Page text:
The number of applicants is equal to last year’s pool, but far below the highest number in the city’s 11-year charter history — 26.The applicants are:
Nona Richardson, spokeswoman for the D.C. Public Charter Board, said the board is allowed to authorize up to 20 new charter schools. Board members will rule on how many make the cut in June.
Criticism of the charter movement has long revolved around the high quantities of new schools authorized without regard to location. Many existing charters are clustered in the northern and eastern parts of the city.
To address this concern, Richardson said the charter board is starting to do more strategic planning, especially as nearly two dozen public schools in D.C. close at the end of the academic year.
“In the past the board’s position was to approve any and all that we felt were strong applicants and could bring something different,” she said. “Now we’re ... looking at whether they fit in with what’s already out there.”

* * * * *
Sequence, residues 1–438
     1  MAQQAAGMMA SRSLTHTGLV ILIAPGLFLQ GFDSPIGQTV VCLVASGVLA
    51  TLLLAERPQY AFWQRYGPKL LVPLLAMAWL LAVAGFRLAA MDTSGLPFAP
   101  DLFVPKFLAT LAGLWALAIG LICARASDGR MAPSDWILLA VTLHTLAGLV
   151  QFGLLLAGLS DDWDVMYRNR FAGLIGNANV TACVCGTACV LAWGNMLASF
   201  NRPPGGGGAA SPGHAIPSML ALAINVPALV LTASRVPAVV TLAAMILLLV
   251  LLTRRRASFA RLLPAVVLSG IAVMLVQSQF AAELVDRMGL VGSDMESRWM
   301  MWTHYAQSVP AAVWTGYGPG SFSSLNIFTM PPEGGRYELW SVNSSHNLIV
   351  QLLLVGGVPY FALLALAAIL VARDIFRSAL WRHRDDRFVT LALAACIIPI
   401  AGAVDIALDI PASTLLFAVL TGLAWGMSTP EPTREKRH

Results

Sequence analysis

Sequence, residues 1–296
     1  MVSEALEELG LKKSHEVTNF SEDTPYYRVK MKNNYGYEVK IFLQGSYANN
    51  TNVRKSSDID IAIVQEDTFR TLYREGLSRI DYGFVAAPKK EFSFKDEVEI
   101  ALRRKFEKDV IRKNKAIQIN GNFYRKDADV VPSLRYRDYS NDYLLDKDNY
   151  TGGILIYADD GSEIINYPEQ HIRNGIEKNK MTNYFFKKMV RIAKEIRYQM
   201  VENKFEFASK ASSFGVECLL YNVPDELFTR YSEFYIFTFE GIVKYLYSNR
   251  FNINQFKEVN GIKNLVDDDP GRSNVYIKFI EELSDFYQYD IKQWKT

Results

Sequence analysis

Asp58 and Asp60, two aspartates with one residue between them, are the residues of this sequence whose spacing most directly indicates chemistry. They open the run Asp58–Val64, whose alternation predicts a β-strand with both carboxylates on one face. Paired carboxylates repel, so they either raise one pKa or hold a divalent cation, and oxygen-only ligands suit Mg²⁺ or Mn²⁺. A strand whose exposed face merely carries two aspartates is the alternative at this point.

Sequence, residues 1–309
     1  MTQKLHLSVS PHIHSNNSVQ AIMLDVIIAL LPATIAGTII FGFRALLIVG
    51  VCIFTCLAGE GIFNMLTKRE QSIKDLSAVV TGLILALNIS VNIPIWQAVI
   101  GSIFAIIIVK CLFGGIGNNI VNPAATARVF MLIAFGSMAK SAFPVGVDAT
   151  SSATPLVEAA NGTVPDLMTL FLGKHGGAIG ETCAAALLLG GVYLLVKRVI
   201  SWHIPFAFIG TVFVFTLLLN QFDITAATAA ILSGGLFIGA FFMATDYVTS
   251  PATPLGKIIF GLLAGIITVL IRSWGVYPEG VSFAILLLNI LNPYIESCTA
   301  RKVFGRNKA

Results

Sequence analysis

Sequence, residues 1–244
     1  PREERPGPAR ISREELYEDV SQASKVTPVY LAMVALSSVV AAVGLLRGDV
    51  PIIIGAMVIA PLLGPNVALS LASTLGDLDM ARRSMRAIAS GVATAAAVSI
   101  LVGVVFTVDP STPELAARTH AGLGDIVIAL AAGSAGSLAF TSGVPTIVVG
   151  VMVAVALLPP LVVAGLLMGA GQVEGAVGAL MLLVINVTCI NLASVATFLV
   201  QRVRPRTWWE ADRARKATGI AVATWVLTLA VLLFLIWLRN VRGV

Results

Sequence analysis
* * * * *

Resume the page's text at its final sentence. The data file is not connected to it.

Of the applicants, three — Accotink, Dream Catchers and Lighthouse — are proposing to open schools that focus on special education, while Academy of Hope plans to focus on adult education. The remaining indicate they will educate children at the elementary and middle school levels, with some placing particular emphasis on college preparatory skills.
- Academy of Hope
- Accotink Public Education Center
- Back to Basics
- Center City
- Dream Catchers Academy
- Enrichment Academy
- Imagine Freedom
- Lighthouse Academy
- Millenium Literacy Academy
- National Prep
- Northstar Academy
- Washington Archdiocese